Long ago in Japan, the men and women of Yamato heritage became highly skilled in the use of both sword and spear.
Eventually, their prowess and famed code of honour, known as bushido, would lead to the development of the "Bushi" class that would make up the Samurai clans that came to dominate Japan for centuries. Many stories are told of the great swordsmanship and discipline of the mighty samurai warrior, but little is said of the women who are born into the samurai caste.
The onna-bugeisha, the female samurai, was the one left to defend the loal people of the village if the male samurai were away, or if there were too few to fend off bandits and other enemies. They were taught to be skilled in the use of the naginata, a bladed pole weapon, and in the art of tantojutsu, which is essentially knife-fighting.
Empress Jingū and the conquest of Korea
The onna-bugeisha reached their peak during the Heian and Kamakura periods of Japanese history. These prominent and powerful women took to the battlefields and sometimes even went on to lead their own clans. They continue to inspire with stories of their courage, honour and valour.
The first of the onna-bugeisha dates all the way back to the beginning of the 3rd Century. According to Japanese legend, she claimed the throne of Japan upon her husband's death in 201 CE and held it for nearly seventy years, until her death at the age of 100 in 269 CE. According to the Nihon Shoki, the second oldest book of classical Japanese history, Empress Jingū led an invasion of Korea and returned to Japan victorious after three years. Much of Empress Jingū's life, due to the fact that she lived 1800 years ago, is shrouded in mystery and legend. The woodblock cut above dates from 1880 and the banknote below, the first Japanese currency to depict a woman, comes from 1881. She was, however, the first in a long line of onna-bugeisha that spanned the history of the nation.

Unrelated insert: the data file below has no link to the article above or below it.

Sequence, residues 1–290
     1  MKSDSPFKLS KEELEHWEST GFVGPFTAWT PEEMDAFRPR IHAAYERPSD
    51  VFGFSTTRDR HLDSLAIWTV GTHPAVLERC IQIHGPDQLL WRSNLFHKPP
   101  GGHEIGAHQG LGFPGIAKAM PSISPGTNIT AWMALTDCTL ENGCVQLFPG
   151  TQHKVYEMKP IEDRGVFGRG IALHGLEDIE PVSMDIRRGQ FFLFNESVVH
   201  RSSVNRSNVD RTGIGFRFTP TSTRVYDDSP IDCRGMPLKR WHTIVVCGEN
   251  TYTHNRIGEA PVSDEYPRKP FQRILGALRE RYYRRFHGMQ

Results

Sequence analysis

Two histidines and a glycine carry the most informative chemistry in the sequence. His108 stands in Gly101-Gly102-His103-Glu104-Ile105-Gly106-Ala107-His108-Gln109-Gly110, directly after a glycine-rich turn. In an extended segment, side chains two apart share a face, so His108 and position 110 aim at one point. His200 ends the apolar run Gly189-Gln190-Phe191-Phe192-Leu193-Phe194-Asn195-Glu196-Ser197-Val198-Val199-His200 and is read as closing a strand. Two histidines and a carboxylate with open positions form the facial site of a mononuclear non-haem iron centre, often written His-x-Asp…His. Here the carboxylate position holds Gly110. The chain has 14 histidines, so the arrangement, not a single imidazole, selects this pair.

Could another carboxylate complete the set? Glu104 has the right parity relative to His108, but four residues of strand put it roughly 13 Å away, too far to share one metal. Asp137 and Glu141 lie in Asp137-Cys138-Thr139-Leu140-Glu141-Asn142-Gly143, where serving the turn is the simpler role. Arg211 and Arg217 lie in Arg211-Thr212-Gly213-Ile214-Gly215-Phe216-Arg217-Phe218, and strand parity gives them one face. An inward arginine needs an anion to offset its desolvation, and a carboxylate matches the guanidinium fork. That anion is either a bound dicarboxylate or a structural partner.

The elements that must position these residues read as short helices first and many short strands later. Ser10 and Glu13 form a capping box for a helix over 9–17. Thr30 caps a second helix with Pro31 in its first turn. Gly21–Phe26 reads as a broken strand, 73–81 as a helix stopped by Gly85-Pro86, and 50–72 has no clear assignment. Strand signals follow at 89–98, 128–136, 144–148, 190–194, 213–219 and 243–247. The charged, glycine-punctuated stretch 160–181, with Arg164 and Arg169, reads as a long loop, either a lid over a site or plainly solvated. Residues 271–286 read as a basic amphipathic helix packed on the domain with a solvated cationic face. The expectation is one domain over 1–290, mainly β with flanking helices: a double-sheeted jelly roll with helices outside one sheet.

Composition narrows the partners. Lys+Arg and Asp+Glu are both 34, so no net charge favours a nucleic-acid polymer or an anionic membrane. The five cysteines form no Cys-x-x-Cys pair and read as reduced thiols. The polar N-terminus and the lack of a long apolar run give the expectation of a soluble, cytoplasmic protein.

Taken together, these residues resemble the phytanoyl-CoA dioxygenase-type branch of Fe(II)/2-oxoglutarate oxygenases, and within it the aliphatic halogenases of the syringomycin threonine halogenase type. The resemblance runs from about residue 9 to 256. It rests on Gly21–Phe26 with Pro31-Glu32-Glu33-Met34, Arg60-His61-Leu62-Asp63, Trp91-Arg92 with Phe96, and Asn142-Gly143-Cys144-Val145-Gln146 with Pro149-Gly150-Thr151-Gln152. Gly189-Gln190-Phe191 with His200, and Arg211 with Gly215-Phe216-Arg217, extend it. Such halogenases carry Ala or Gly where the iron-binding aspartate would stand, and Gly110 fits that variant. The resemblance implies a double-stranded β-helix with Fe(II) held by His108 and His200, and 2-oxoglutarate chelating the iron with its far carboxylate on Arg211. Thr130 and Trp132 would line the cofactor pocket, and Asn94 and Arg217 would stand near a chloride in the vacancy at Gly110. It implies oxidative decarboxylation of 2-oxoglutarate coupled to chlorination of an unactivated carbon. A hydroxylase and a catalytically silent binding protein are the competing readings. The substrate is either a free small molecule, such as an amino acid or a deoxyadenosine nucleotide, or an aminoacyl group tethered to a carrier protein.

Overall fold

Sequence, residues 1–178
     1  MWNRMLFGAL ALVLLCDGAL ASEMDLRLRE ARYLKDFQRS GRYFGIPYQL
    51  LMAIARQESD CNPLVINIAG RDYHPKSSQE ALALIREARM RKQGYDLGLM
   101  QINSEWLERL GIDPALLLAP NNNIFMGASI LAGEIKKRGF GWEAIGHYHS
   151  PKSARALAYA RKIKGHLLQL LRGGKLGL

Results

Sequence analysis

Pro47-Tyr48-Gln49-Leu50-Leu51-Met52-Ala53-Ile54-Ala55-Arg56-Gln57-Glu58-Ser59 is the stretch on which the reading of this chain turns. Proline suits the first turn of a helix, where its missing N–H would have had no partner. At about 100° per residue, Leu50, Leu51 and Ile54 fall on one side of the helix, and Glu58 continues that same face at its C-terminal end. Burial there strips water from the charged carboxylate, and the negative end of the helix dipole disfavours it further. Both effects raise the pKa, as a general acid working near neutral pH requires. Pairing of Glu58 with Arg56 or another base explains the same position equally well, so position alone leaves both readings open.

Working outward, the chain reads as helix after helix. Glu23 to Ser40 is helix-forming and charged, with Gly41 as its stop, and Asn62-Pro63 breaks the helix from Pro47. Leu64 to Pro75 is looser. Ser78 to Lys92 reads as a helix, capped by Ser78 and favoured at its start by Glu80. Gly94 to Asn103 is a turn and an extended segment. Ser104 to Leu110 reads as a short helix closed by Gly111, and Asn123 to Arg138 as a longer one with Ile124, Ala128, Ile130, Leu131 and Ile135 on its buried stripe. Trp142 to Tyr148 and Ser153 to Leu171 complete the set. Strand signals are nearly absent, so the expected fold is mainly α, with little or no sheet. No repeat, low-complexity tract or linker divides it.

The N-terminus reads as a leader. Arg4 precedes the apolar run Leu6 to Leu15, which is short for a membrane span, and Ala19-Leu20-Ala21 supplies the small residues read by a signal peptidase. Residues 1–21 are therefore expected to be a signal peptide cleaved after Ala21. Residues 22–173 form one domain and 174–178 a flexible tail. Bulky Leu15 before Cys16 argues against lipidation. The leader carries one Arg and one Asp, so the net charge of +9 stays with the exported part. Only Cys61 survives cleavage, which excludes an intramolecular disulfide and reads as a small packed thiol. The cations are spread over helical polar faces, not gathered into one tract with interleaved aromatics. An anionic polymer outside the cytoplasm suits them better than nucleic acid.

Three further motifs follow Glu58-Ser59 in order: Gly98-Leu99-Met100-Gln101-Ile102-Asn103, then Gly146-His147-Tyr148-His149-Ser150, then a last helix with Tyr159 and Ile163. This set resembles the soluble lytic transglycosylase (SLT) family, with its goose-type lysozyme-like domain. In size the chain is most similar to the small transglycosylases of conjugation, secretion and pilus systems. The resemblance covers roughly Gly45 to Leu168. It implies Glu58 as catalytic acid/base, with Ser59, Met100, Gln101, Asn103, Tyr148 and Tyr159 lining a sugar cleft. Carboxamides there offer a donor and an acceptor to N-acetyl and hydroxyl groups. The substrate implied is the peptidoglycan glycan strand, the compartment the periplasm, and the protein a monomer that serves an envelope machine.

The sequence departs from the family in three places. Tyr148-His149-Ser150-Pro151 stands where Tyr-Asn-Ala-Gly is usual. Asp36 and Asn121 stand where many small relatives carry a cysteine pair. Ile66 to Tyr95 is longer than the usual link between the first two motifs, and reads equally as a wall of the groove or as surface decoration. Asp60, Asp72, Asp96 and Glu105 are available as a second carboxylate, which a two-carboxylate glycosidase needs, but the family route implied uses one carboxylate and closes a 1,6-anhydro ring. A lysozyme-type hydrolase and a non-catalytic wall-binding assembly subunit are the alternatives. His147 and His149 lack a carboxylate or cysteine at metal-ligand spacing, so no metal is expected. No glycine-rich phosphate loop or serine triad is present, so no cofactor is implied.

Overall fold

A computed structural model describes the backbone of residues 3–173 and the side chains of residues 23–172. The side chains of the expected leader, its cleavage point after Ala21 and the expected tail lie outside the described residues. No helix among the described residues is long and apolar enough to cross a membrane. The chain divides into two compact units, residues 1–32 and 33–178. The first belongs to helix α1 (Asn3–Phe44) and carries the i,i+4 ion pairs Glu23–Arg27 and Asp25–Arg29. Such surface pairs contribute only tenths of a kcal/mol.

Tantojutsu - Japanese knife fighting
Empress Jingū banknote, 1881
Another of the legendary onna-bugeisha arose during the Genpei War between the Taira and the Minamoto. The Tale of the Heike, written in 1330, details the story of the famed Tomoe Gozen, master of the naginata, and servant of Minamoto no Yoritomo. During the Battle of Awazu in 1184, she rode into enemy forces, lunged at their strongest warrior, dehorsed, pinned and decapitated him. According to the Tale of the Heike, Tomoe was "especially beautiful, with white skin, long hair, and charming features. She was also a remarkably strong archer, and as a swords-woman she was a warrior worth a thousand, ready to confront a demon or a god, mounted or on foot. She handled unbroken horses with superb skill; she rode unscathed down perilous descents. Whenever a battle was imminent, Yoshinaka sent her out as his first captain, equipped with strong armor, an oversized sword, and a mighty bow; and she performed more deeds of valor than any of his other warriors."
Tomoe Gozen defeats Uchida Ieyoshi and Hatakeyama Shigetada at the BAttle of Awazu. Woodcut from 1899.
Modern depiction of Tomoe Gozen from deviantart.
Left: 18th Century drawing by Shitomi Kengetsu.
At the end of the samurai period, when forces loyal to Emperor Meiji were taking power from the old Tokugawa Shogunate across Japan, a few brave samurai strongholds held out against this movement towards modernization. One loyal region was Aizu, where the Aizu Women's Army, or Aizu Jōshitai (娘子隊) made a courageous last stand against insurmountable odds. The leader of the Joshitai, Nakano Takeko, trained in martial arts and skilled with the naginata, led her forces against the oncoming Imperial Court. When the invaders came to take the women of Aizu alive, Nakano and her supporters used their naginata to cut them to pieces. This caused the Imperial army to open fire, wounding Nakano in the chest. In order to die like a true samurai, she asked her sister to cut off her head so that she could not be used as a trophy by the raiding army. Her head is currently buried beneath a tree at the Hokaiji Temple.